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Test ID: HPV    
Human Papillomavirus (HPV) DNA Detection with Genotyping, High Risk Types by PCR, ThinPrep

Useful For Suggests clinical disorders or settings where the test may be helpful

Detection of high risk (HR) genotypes associated with the development of cervical cancer

 

An aid in triaging women with abnormal Pap smear results

 

Individual genotyping of human papillomavirus (HPV)-16 and/or HPV-18, if present

 

Results of HPV-16 and HPV-18 genotyping can be used as an aid in triaging women with positive HR-HPV but negative Pap smear results.

Clinical Information Discusses physiology, pathophysiology, and general clinical aspects, as they relate to a laboratory test

Persistent infection with human papillomavirus (HPV) is the principal cause of cervical cancer and its precursor cervical intraepithelial neoplasia (CIN).(1-3) The presence of HPV has been implicated in >99% of cervical cancers worldwide. HPV is a small, non-enveloped, double-stranded DNA virus, with a genome of approximately 8,000 nucleotides. There are more than 118 different types of HPV and approximately 40 different HPVs that can infect the human anogenital mucosa. However, data suggest that 14 of these types (HPV types 16, 18, 31, 33, 35, 39, 45, 51, 52, 56, 58, 59, 66, and 68) are considered high risk (HR) for the development of cervical cancer and its precursor lesions. Furthermore, HPV types 16 and 18 have been regarded as the genotypes most closely associated with progression to cervical cancer. HPV-16 is the most carcinogenic, and is associated with approximately 60% of all cervical cancers, while HPV-18 accounts for approximately 10% to 15% of cervical cancers.(1-3)

 

Although persistent infection with HR HPV is necessary for the development of cervical cancer and its precursor lesions, only a very small percentage of infections progress to these disease states. Sexually transmitted infection with HPV is extremely common, with estimates of up to 75% of all women being exposed to HPV at some point. However, almost all infected women will mount an effective immune response and clear the infection within 2 years without any long term health consequences. An infection with any HPV type can produce CIN although this also usually resolves once the HPV infection has been cleared.

 

In developed countries with cervical cancer screening programs, the Pap smear has been used since the mid-1950s as the primary tool to detect early precursors to cervical cancer. Although it has decreased the death rates due to cervical cancer dramatically in those countries, the Pap smear and subsequent liquid based cytology methods require subjective interpretation by highly trained cytopathologists and misinterpretation can occur. Cytological abnormalities are primarily due to infection with HPV; however, various inflammatory conditions or sampling variations can result in false positive cytology results. Triage of an abnormal cytology result may involve repeat testing, colposcopy and/or biopsy. A histologically confirmed high-grade lesion must be surgically removed or ablated in order to prevent the development of invasive cervical cancer.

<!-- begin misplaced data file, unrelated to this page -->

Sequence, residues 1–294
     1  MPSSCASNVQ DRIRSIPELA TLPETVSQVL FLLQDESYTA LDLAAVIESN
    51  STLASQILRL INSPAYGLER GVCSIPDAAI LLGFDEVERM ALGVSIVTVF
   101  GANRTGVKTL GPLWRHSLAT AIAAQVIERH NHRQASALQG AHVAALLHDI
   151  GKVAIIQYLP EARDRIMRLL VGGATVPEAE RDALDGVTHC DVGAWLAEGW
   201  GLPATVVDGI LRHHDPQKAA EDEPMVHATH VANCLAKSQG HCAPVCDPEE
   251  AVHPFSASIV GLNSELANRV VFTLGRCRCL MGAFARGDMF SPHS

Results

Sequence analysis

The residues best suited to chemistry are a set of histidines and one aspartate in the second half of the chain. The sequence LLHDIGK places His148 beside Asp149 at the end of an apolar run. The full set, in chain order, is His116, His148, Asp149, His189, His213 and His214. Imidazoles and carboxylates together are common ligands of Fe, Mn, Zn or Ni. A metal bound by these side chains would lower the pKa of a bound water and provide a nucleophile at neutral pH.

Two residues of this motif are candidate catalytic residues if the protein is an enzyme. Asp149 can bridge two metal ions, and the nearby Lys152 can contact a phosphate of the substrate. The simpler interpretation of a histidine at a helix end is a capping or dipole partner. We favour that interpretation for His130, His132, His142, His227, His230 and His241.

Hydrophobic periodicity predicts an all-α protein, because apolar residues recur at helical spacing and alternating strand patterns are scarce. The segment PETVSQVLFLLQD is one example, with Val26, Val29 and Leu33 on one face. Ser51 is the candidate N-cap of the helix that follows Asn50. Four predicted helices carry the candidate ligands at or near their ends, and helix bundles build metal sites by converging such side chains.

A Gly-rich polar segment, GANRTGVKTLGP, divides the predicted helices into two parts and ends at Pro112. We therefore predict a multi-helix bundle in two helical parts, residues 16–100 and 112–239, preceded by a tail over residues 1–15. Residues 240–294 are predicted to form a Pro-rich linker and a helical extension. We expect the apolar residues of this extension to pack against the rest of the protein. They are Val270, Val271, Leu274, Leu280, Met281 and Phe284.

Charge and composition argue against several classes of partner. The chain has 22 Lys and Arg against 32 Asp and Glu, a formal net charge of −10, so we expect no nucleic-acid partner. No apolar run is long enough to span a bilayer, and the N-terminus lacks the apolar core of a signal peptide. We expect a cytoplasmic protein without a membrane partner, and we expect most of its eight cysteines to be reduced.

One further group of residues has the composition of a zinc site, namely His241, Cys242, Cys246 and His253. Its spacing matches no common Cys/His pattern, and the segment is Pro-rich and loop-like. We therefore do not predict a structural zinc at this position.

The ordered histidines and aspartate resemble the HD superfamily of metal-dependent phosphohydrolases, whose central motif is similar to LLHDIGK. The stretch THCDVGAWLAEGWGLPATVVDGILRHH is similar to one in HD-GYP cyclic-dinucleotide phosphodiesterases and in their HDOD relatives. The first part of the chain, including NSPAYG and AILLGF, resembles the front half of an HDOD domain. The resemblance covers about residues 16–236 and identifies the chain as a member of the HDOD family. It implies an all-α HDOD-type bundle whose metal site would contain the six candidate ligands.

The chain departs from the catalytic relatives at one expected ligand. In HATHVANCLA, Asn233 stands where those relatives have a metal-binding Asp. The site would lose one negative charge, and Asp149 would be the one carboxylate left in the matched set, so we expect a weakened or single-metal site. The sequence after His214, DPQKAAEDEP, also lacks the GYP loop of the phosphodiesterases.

Nucleic acid (DNA) testing by PCR has become a standard, noninvasive method for determining the presence of a cervical HPV infection. Proper implementation of nucleic acid testing for HPV may 1) increase the sensitivity of cervical cancer screening programs by detecting high-risk lesions earlier in women 30 years and older with normal cytology and 2) reduce the need for unnecessary colposcopy and treatment in patients 21 and older with cytology results showing atypical squamous cells of undetermined significance (ASC-US).

 

Recently, data suggest that individual genotyping for HPV types 16 and 18 can assist in determining appropriate follow-up testing and triaging women at risk for progression to cervical cancer. Studies have shown that the absolute risk of CIN-2 or worse in HPV-16 and/or HPV-18 positive women is 11.4% (95% confidence interval [CI] 8.4%-14.8%) compared with 6.1% (95% CI, 4.9%-7.2%) of women positive for 'other' HR-HPV genotypes and 0.8% (95% CI, 0.3%-1.5%) in HR-HPV negative women.(4) Based in part on these data, the American Society for Colposcopy and Cervical Pathology (ASCCP) now recommends that HPV 16/18 genotyping be performed on women that are positive for HR-HPV but negative by routine cytology. Women that are found to be positive for HPV-16 and/or -18 may be referred to colposcopy, while women that are negative for genotypes 16 and/or 18 may have repeat cytology and HR HPV testing in 12 months.(1)

Reference Values Describes reference intervals and additional information for interpretation of test results. May include intervals based on age and sex when appropriate. Intervals are Mayo-derived, unless otherwise designated. If an interpretive report is provided, the reference value field will state this.

Negative for HPV genotypes 16, 18, 31, 33, 35, 39, 45, 51, 52, 56, 58, 59, 66 and 68

Interpretation Provides information to assist in interpretation of the test results

A positive result indicates the presence of human papillomavirus (HPV) DNA due to 1 or more of the following genotypes: 16, 18, 31, 33, 35, 39, 45, 51, 52, 56, 58, 59, 66, and 68.

 

A negative result indicates the absence of HPV DNA of the targeted genotypes.

 

For patients with atypical squamous cells of undetermined significance (ASC-US) Pap smear result and who are positive for high-risk (HR) HPV, consider referral for colposcopy, if clinically indicated.

 

For women aged 30 years and older with a negative Pap smear result but who are positive for HPV-16 and/or HPV-18, consider referral for colposcopy, if clinically indicated.